Héma-Québec stops discriminatory evaluation against homosexual men

Hey ;ma-Québec stops discriminatory evaluation against homosexual men

As of December 4, Héma-Québec will end a blood donation eligibility evaluation procedure discriminating against homosexual men in particular.

Rather than determining a man's eligibility to donate blood by his belonging to a certain group considered to be at risk, it will be a personalized evaluation of the person's behavior that will determine if she can donate blood.

Currently, the organization systematically refuses blood donations from men who have had sex with another man in the last three months. This is a relaxed form in 2019 of an old regulation dating from 1992.

The HIV crisis

In 1992, the regulation that had just been introduced took the form of a systematic refusal of blood donation by homosexual men. This is a regulation that comes in response to the human immunodeficiency virus (HIV) crisis which was spreading particularly among men who have sex with men. The goal was to avoid having blood contaminated with HIV in the reserves intended for people in need of transfusions.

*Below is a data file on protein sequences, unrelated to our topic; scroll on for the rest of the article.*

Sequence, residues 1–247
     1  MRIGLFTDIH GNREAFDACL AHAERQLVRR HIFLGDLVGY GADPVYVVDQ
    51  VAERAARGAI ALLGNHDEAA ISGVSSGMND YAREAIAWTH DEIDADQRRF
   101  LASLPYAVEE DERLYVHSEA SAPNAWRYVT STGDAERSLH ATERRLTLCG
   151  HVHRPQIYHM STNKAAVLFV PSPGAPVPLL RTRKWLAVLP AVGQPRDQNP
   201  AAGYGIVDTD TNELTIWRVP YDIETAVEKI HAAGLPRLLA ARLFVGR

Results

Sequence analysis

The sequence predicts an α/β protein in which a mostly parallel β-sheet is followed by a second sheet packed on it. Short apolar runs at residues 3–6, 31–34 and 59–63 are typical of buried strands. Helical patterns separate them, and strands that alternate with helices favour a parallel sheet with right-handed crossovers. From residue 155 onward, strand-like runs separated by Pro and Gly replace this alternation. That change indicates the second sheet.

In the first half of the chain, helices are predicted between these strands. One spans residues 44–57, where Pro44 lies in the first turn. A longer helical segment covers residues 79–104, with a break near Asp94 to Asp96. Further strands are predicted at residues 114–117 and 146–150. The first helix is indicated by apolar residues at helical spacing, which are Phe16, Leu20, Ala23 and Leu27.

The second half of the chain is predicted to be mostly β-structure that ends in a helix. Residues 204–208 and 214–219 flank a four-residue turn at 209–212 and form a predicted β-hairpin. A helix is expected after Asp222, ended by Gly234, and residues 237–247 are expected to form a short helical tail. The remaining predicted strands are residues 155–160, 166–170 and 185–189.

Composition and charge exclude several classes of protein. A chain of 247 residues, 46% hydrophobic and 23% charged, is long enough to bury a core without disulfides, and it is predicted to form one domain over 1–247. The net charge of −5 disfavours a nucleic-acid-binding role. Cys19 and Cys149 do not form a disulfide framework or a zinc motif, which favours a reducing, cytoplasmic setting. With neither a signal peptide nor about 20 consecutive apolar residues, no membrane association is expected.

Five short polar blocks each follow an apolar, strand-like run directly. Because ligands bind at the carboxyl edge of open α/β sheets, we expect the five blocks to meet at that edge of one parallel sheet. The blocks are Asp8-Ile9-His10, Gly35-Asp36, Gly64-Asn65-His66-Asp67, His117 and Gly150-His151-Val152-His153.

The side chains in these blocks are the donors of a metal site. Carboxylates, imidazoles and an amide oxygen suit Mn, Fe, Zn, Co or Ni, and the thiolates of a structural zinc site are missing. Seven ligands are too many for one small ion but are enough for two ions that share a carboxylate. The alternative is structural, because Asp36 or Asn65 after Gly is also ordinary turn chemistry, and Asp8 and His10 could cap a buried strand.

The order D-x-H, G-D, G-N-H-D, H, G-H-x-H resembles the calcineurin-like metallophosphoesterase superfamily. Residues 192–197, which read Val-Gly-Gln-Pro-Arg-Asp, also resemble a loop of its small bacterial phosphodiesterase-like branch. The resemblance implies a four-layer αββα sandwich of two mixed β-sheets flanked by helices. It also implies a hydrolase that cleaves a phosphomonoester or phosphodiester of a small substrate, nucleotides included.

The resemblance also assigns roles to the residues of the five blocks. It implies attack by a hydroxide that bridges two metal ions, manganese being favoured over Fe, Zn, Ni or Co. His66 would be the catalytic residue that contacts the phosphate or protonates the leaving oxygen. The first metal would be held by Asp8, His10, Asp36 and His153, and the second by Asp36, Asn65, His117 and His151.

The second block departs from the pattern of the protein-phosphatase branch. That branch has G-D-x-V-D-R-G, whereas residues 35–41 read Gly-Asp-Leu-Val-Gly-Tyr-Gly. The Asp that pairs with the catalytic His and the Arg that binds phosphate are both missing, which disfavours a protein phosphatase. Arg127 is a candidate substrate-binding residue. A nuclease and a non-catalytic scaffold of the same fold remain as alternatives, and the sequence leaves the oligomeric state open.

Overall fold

Considering that it is anal sex that represents a risk and not male homosexuality , as reported in a scientific review by the Canadian Public Health Agency of Canada, several groups and individuals have criticized the stigmatizing and discriminatory aspect of these regulations.

Towards de-stigmatization

A first relaxation was introduced in 2015, when Canada now asks male donors not to have had sex with another man in the past five years. In 2019, this abstinence is requested for the last three years.

By breaking with the old method of evaluation based on belonging to a sexual orientation, the change in the method of evaluation, which will take shape on December 4 at Héma-Québec, will better reflect our nuanced scientific understanding of the spread of HIV.

The new way of doing things will also allow more people to donate blood, which should increase blood supplies in addition to ceasing to contribute to the stigmatization of an oppressed group.

This new method of assessment based on a personalized assessment of a person's sexual behavior is already applied in some countries, especially in the United Kingdom.

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